High on the list

Nicole Caporaso

App State ranks among top 50 colleges with most on-campus alcohol- and drug-related arrests

Appalachian State University makes lists for both the top 50 universities with the most on-campus drug and on-campus alcohol arrests per 1,000 students, according to an article by Business Insider.

An evidence bag containing marijuana collected from a pending 2012 incident rests on a desk at the ASU Police Department. Appalachian ranked 11th for number of on-campus drug arrests and 28th for on-campus alcohol arrests, according to Business Insider. Photo by Paul Heckert | The Appalachian

Appalachian is listed as 11th for number of on-campus drug arrests and 28th for on-campus alcohol arrests. No other North Carolina school made either list.

The information was determined by the Department of Education’s Office of Postsecondary Education by tracking campus crime reports.

“‘A lot of drug- or alcohol-related arrests on campus’ would not be the correct wording, but they are frequent,” said ASU Police Capt. Todd Corley. “When you look at our numbers compared to other UNC schools, they tend to be a little high, but that has to do with our aggressive enforcement on campus.”

For the 2012 calendar year, there were 168 alcohol-related and 133 drug-related violations on Appalachian’s campus, Corley said. Numbers for the 2013 year are not yet available.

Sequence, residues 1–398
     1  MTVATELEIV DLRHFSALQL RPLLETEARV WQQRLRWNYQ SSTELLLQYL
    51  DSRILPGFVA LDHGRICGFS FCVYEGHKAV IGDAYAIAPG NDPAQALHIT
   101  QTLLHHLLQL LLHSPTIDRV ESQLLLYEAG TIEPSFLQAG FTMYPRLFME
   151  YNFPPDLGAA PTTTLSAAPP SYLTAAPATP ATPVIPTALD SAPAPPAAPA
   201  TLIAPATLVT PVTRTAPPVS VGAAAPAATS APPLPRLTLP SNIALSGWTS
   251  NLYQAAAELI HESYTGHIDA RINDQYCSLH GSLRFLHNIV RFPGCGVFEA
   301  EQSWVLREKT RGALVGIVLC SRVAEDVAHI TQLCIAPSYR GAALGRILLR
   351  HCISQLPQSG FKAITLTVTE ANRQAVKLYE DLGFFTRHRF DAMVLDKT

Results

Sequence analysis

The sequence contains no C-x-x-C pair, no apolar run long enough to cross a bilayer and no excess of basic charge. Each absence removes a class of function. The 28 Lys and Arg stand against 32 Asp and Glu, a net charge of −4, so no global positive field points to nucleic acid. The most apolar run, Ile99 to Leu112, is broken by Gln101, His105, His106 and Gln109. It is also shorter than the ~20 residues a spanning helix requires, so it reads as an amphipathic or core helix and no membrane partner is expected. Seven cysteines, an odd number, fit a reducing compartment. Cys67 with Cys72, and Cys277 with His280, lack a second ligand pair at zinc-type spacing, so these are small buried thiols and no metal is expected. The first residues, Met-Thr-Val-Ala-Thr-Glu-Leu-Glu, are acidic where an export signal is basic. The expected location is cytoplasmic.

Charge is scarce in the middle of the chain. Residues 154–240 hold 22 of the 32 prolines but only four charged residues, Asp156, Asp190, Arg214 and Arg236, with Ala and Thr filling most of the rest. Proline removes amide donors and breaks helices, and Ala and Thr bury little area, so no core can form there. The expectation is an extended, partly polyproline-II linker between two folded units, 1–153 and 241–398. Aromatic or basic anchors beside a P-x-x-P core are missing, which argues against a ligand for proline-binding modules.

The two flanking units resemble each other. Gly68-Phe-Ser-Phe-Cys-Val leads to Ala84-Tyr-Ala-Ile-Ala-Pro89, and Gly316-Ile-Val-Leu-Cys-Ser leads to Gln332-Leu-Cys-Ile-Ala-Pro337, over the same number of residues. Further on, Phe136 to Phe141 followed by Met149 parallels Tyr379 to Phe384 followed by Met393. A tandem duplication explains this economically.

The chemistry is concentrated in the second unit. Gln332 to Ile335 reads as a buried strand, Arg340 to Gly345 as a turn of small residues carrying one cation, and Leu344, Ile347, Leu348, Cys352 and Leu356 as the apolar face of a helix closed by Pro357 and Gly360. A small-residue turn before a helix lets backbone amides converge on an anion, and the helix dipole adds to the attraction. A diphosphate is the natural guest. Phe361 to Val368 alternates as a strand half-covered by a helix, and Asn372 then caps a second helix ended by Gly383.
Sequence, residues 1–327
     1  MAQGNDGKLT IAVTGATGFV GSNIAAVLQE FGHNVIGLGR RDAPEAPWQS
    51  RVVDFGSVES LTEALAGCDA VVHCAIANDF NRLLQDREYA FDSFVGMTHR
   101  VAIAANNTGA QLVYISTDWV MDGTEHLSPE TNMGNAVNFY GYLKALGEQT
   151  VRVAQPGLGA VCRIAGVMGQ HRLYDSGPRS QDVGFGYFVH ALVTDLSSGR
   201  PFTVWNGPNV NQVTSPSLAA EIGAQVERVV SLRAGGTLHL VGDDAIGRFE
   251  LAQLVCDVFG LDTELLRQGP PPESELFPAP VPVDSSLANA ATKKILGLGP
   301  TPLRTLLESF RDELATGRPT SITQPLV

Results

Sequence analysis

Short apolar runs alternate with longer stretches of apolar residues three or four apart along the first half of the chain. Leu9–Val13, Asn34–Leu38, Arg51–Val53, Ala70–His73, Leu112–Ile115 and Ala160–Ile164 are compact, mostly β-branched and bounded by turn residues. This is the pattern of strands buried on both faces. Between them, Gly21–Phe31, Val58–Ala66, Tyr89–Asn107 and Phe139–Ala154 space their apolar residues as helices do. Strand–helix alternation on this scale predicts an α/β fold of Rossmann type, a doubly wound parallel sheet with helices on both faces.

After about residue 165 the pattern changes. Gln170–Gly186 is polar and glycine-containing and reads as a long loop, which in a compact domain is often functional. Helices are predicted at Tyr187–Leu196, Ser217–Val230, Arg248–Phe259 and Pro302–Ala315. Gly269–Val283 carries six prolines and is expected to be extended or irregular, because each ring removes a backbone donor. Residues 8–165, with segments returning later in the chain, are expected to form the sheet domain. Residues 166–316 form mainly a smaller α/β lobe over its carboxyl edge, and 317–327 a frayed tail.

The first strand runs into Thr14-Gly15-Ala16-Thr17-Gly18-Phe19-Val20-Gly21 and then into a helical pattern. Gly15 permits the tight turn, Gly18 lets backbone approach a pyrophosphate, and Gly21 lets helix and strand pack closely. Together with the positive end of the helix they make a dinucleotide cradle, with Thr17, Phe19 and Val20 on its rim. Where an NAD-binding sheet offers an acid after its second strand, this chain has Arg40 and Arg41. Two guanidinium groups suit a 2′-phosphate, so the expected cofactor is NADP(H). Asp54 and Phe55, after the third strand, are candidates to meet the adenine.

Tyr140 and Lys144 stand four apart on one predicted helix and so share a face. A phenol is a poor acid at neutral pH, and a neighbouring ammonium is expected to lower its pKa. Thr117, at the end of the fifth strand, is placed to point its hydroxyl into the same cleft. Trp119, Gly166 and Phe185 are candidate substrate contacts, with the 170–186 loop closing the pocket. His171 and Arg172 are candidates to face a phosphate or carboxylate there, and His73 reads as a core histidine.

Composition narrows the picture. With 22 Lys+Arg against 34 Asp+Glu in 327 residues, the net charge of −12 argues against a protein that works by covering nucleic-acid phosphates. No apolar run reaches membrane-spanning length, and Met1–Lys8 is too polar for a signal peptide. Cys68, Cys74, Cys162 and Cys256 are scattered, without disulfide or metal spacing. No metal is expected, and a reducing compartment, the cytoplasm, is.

“If you strictly enforce drug and alcohol laws on campus, aggressive enforcement of violations will reflect badly on campus because it makes it look like a drug problem, but there can be the same problem on another campus and that university might choose to just do a referral to student conduct,” Corley said. “If we just referred our students to student conduct for a violation, then we wouldn’t even be ranked.”

Cindy Wallace, vice chancellor for Student Development, said it is a complicated issue and that the numbers do not do Appalachian justice because the campus police handle these types of incidents.

“To pull out these quick little numbers and add them up, I don’t think that does justice to the actual data and to what is happening on campus,” Wallace said. “We are very forthright in how we report the information regarding campus behaviors that we believe are dangerous and that jeopardizes the safety of our students.”

Corley said most of the calls the university police respond to relate to petty theft, which is categorized as larceny, not alcohol- or drug-related crimes.

Story: Nicole Caporaso, News Reporter

Photo: Paul Heckert, Photo Editor